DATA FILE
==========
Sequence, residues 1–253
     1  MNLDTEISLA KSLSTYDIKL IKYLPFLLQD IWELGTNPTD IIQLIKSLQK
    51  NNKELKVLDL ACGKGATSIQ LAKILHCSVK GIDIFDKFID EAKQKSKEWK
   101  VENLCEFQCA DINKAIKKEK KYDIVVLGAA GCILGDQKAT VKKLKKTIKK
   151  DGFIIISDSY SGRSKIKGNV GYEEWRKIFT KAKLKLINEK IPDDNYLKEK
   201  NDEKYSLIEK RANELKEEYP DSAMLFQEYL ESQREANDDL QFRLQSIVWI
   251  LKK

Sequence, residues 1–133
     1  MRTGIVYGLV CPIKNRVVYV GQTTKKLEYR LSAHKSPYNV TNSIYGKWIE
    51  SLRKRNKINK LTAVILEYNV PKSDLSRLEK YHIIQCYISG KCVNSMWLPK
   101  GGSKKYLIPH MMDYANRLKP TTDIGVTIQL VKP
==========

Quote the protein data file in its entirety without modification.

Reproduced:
Sequence, residues 1–253
     1  MNLDTEISLA KSLSTYDIKL IKYLPFLLQD IWELGTNPTD IIQLIKSLQK
    51  NNKELKVLDL ACGKGATSIQ LAKILHCSVK GIDIFDKFID EAKQKSKEWK
   101  VENLCEFQCA DINKAIKKEK KYDIVVLGAA GCILGDQKAT VKKLKKTIKK
   151  DGFIIISDSY SGRSKIKGNV GYEEWRKIFT KAKLKLINEK IPDDNYLKEK
   201  NDEKYSLIEK RANELKEEYP DSAMLFQEYL ESQREANDDL QFRLQSIVWI
   251  LKK

Sequence, residues 1–133
     1  MRTGIVYGLV CPIKNRVVYV GQTTKKLEYR LSAHKSPYNV TNSIYGKWIE
    51  SLRKRNKINK LTAVILEYNV PKSDLSRLEK YHIIQCYISG KCVNSMWLPK
   101  GGSKKYLIPH MMDYANRLKP TTDIGVTIQL VKP